This was another spelling game we commonly had tied into lessons, and also one that offered a very fun break from early typing software. Players take the role of a brainy dust bunny eager to ascend a 1920s skyscraper by spelling its way to the top. Collect letters, solve short spelling puzzles floor-by-floor, ride elevators, and unscramble groups of collected letters for bonus points. There are also sentient vacuum cleaners — hungry for spelling-bee champion dust bunnies, no doubt — to avoid.
It’s an unusual scenario, for sure.
Developed by the Assembly Line (1989)
Pipe Dream, or Pipe Mania, was the original ‘reward’ game. Before we got a handful of sleek Macintosh PCs in the corner offering shiny new games like SimCity 2000 and SkiFree, we fought over who got to play a couple rounds of Pipe Dream after finishing homework.
In Pipe Dream, players are cast as — presumably — a plumber given only seconds to reroute polluted sewage or toxic waste or whatever the imagination desires out of the immediate building and into the nearest river or park or, again, whatever the imagination desires. The player has no control over the pipes he uses, and instead must connect pipe pieces in a Tetris-like frenzy of predestined order.
Today, Pipe Dream is primarily remembered for being how denizens of BioShock‘s Rapture hack all their electronics.
Developed by MECC (1993)
Released at the end of the Apple II’s lifespan, Rocket Factory was an oddity and a gimmick. It was Kerbal Space Program long before KSP would begin development. As the title implies, the game itself is a factory, or even a box of rocket LEGOs. Players design a rocket using any variety of parts, customizing its cone, fin, weights, engine, and the paint adorning it. The chosen parts determine how far the rocket will soar.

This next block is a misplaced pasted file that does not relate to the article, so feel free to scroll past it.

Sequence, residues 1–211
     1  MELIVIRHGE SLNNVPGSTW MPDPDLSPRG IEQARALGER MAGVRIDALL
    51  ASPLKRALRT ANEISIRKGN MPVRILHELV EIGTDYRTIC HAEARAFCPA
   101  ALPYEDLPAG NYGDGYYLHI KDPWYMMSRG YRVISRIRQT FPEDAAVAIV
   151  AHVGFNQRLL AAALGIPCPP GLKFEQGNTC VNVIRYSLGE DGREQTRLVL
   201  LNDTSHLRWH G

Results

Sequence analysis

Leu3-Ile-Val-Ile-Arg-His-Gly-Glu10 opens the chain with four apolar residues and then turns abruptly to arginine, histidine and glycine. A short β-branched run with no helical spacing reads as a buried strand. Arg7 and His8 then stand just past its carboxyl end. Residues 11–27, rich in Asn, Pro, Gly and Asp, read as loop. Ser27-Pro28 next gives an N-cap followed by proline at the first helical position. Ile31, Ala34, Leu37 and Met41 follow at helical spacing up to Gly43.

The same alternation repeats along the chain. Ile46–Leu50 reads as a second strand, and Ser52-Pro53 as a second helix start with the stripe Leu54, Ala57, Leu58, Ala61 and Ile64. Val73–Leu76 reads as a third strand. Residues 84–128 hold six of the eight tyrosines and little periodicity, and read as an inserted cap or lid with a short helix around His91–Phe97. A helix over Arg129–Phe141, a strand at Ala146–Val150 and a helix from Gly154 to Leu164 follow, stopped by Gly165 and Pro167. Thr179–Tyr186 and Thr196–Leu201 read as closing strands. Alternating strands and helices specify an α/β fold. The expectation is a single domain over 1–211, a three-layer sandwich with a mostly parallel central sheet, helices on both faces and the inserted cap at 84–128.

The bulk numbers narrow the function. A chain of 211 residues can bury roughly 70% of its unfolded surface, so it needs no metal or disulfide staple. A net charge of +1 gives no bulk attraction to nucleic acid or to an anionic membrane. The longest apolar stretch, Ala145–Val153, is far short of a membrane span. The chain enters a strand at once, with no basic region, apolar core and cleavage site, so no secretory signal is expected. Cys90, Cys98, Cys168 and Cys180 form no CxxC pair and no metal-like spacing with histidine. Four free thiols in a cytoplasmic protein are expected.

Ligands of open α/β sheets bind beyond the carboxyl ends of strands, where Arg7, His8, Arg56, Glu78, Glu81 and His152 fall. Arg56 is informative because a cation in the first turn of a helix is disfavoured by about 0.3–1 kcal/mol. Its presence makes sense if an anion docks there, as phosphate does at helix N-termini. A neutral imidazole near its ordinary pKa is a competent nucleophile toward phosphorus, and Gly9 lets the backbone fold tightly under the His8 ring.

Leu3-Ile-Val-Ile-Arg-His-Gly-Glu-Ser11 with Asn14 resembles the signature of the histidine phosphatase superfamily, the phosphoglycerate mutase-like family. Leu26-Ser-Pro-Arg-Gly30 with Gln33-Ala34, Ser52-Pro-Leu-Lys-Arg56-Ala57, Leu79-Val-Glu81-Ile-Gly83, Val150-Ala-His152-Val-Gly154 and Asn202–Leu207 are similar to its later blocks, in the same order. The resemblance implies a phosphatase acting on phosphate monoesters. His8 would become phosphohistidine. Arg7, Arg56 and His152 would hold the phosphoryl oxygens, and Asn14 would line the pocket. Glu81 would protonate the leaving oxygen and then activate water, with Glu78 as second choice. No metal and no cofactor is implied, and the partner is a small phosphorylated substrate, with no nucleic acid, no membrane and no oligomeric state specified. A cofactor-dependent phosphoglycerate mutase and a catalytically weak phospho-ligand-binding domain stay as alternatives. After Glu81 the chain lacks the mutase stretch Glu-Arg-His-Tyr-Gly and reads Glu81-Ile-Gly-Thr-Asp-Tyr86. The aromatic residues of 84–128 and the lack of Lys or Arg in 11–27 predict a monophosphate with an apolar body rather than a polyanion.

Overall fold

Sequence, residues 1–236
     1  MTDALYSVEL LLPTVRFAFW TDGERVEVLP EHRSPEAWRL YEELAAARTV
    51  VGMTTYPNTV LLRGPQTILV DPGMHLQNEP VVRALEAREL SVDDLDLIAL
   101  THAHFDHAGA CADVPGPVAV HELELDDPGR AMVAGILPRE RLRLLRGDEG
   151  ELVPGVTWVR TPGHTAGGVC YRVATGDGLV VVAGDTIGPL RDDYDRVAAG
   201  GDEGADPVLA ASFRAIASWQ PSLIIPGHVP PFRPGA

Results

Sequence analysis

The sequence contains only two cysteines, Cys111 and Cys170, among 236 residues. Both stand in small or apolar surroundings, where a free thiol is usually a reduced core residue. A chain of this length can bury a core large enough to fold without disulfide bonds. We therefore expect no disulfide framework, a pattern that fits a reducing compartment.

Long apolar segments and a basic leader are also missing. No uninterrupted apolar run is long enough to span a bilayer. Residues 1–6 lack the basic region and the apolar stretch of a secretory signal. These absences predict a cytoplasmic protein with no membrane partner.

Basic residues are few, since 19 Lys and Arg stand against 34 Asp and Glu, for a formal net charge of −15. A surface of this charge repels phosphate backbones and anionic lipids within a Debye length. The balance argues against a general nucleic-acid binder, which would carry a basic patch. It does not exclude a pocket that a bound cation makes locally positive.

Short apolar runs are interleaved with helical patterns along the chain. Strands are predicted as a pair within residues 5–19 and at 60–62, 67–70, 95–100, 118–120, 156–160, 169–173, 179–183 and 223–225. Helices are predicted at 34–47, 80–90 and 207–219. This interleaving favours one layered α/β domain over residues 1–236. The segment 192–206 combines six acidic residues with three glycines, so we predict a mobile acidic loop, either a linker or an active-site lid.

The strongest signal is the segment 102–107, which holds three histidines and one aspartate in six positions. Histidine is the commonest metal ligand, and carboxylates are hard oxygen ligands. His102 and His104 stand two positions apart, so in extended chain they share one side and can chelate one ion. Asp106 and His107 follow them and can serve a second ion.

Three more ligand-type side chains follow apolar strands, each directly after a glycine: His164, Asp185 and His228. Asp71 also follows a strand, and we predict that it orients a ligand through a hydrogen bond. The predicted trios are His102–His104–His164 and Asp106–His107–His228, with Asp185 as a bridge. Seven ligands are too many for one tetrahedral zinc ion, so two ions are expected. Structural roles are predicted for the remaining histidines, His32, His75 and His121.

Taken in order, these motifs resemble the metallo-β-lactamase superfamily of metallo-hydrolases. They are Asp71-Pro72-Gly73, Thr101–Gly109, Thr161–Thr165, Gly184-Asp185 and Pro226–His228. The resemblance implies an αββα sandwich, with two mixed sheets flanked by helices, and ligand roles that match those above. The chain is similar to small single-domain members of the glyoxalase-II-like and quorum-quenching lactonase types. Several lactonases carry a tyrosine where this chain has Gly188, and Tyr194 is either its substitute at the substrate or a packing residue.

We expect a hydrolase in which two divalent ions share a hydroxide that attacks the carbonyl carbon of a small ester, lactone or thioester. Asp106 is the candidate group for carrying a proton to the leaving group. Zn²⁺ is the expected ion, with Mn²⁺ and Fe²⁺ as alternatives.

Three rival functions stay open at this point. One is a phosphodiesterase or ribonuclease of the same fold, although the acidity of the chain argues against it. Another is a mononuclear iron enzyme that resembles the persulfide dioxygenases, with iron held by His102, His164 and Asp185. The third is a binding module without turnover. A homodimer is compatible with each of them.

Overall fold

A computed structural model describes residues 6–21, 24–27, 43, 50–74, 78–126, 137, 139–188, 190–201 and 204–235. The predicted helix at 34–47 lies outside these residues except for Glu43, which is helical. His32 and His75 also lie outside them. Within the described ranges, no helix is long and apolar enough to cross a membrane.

I’ve never been able to breach the upper-limit of 800 feet, so whether there’s an endgame for designing a perfect rocket or not remains a question 20+ years on.
Rocket Factory also includes another game — ‘Cloud Chasers’ — where the player’s goal is to reach a certain height left by a plane’s contrails.
It’s amazing how far we’ve come since these old Apple II software. As I type this, my fiancée is putting together lesson plans on the complexities of the water cycle using free online resources, all of which trump the software used here† by leaps and bounds.
Throughout the ’80s, there were hundreds of edutainment games being pushed onto schools by developers like MECC and the Learning Company, and we only scratch the surface of well-known and obscure games here. If we’re missing your preferred classics — and we’re certainly missing many (Rocky’s Boots! Lewis and Clark Stayed Home!) — drop a note telling us about your favorite games and what memories they spark for you below.
If you haven’t checked any of the links above, most of these titles and more are freely available via the Internet Archive.
written for That’s Not Current
* And the locals they wiped out physically or via cultural indoctrination.
† Except, perhaps, the Oregon Trail and …Carmen Sandiego for their unique push into self-learning.